From: Scott Sincoff, ENN
Published September 23, 2012 08:11 PM

Researchers Suggest Stratosphere Affects Deep Seas

According to a new study, periodic changes in winds 15-to-30 miles above the surface can severely impact the Earth’s climate. The research from the University of Utah suggests that the wind changes in the stratosphere can change mile-deep ocean circulation patterns in addition to influencing the seas in the North Atlantic Ocean.

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The research team led by Professor Thomas Reichler stated that they knew that what happened in the stratosphere affects the action going on in the troposphere, up to six miles above the Earth. In the study, the team also noted that they were aware of the global circulation patterns in the oceans. Reichler said that the patterns caused by variations in saltiness and water temperature impacted the climate on a global basis.

"It is not new that the stratosphere impacts the troposphere," said Reichler. "It also is not new that the troposphere impacts the ocean. But now we actually demonstrated an entire link between the stratosphere, the troposphere and the ocean."

Using weather observations and 4,000 years of supercomputer weather simulations, Reichler and his team showed a connection between the polar vortex (changes in stratospheric wind patterns) and changes in the deep sea movement patterns.
Of the changes in the deep sea movement patterns, one significant change occurs during stratospheric sudden warming events. These events happen when temperatures rise and when polar vortex winds above 80 miles per hour weaken or change direction while circling the Arctic region. Lasting for a period up to 60 days, these winds have the ability to extend from 15 miles up in the stratosphere to 30 miles above the surface, going past the stratosphere's plateau. Another change includes the differing speeds of the Atlantic Meridional Overturning Circulation, which in turn, operates as an assembly line moving water throughout the Earth. Reichler said that using these changes and the decade-scale effect, are important for creating computer models of decade-to-decade forecasts so that the changes are distinct from global warming.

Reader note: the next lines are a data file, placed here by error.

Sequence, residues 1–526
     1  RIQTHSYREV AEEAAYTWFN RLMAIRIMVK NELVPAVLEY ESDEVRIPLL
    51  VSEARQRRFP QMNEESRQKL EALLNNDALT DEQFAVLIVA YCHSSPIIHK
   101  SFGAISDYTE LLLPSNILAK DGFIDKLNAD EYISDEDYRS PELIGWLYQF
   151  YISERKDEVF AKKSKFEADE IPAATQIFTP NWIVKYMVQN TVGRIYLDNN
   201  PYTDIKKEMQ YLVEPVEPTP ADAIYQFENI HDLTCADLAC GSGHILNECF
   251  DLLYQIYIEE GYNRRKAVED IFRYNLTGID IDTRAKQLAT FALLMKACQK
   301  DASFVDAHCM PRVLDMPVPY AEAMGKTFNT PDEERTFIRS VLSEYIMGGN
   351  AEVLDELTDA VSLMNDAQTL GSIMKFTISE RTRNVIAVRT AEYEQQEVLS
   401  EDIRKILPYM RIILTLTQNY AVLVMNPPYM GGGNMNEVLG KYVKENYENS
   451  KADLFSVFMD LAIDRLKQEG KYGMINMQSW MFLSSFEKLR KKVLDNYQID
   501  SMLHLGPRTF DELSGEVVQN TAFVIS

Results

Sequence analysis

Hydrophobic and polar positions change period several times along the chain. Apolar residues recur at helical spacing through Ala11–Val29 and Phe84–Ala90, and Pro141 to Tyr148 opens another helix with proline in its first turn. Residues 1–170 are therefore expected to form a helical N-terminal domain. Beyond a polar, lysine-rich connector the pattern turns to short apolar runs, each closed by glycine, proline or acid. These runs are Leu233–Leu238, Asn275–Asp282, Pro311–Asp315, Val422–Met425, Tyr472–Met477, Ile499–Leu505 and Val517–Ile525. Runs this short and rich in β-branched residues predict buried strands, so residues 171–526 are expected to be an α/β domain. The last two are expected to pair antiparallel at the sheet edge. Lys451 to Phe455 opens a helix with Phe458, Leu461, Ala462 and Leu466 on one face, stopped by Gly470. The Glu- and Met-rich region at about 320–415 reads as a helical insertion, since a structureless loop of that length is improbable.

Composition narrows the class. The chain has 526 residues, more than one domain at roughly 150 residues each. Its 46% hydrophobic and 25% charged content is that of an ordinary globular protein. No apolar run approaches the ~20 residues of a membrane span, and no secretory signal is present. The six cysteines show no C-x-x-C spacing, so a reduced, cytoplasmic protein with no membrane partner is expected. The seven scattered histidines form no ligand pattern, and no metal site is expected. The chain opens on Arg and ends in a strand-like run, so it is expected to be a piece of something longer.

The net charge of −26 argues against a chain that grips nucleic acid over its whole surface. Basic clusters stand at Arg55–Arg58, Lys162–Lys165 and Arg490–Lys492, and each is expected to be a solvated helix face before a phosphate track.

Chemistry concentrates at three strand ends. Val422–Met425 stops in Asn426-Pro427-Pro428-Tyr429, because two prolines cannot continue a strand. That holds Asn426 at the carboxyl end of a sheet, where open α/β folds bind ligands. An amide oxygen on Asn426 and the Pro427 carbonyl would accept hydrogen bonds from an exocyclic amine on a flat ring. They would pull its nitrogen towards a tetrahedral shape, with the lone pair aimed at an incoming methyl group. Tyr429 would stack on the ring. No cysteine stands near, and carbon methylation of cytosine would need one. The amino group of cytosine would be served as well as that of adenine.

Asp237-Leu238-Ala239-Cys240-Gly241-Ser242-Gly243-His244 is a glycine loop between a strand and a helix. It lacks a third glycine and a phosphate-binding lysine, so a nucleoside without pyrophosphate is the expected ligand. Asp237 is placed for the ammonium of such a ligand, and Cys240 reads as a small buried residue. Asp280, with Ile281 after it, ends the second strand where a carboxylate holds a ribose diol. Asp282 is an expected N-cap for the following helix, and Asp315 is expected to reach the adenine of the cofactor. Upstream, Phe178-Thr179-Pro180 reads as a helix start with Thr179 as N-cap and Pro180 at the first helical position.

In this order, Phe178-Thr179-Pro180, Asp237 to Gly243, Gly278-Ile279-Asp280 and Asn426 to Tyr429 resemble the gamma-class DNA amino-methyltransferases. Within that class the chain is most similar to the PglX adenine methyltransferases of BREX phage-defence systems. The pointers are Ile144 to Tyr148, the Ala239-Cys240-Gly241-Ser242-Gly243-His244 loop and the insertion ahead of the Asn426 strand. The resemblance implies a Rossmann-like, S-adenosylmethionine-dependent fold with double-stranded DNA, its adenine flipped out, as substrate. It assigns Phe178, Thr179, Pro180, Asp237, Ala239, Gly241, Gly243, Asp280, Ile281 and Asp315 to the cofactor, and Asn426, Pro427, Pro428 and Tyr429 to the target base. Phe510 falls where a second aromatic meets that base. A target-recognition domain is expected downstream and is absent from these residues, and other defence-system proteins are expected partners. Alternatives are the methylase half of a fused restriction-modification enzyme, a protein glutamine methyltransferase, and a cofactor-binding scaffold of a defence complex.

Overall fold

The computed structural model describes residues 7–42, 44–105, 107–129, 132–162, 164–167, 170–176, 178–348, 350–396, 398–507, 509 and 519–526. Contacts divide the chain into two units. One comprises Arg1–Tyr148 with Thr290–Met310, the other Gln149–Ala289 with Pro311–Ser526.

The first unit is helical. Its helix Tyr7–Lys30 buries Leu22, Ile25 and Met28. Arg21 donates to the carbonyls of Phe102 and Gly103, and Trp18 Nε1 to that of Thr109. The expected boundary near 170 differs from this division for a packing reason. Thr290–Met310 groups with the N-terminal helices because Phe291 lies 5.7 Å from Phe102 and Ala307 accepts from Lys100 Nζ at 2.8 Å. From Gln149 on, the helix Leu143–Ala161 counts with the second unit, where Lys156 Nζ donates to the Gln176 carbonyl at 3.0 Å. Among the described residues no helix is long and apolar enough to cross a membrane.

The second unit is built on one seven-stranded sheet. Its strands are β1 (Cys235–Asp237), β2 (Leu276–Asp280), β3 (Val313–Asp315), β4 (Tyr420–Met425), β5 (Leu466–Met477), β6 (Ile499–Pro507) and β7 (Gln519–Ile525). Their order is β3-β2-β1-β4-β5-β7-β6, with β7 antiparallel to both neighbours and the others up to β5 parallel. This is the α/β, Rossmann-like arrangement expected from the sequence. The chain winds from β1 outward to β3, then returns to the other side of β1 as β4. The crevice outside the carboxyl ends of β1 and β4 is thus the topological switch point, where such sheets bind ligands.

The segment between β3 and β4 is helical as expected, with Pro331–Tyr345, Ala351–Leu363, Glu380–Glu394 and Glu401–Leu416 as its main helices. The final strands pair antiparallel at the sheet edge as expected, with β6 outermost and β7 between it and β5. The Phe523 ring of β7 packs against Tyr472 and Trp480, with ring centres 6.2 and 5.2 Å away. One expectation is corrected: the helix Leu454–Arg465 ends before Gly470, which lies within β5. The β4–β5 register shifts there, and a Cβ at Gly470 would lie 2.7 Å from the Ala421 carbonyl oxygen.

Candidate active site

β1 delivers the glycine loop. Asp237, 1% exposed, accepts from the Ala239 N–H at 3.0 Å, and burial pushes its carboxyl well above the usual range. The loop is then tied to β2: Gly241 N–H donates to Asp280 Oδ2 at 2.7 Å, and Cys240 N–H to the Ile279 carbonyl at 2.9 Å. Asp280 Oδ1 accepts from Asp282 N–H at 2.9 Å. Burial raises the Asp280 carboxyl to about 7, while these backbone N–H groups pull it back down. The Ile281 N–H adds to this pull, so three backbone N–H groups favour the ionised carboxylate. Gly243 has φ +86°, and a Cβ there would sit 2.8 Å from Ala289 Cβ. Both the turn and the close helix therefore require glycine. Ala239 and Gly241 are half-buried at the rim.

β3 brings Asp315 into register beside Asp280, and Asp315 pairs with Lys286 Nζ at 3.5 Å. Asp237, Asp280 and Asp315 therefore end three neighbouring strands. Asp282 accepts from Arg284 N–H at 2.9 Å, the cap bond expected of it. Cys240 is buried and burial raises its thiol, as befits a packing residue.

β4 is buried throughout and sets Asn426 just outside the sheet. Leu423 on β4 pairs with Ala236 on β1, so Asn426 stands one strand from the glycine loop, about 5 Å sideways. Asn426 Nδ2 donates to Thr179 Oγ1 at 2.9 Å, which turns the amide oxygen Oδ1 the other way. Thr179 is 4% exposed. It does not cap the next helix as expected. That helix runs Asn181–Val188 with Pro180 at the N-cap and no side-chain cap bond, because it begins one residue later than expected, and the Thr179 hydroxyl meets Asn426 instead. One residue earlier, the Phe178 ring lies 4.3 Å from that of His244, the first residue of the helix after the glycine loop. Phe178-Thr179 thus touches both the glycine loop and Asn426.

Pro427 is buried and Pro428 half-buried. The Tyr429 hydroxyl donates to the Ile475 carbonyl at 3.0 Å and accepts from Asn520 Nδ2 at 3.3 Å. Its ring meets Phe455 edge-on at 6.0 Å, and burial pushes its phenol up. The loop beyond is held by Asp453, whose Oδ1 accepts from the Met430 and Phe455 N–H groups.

"If we as humans modify the stratosphere, it may — through the chain of events we demonstrate in this study — also impact the ocean circulation," said Reichler. "Good examples of how we modify the stratosphere are the ozone hole and also fossil-fuel burning that adds carbon dioxide to the stratosphere. These changes to the stratosphere can alter the ocean, and any change to the ocean is extremely important to global climate."

For more information, please visit: http://unews.utah.edu/news_releases/stratosphere-targets-deep-sea-to-shape-climate/

Image Credit: Stratosphere via Shutterstock

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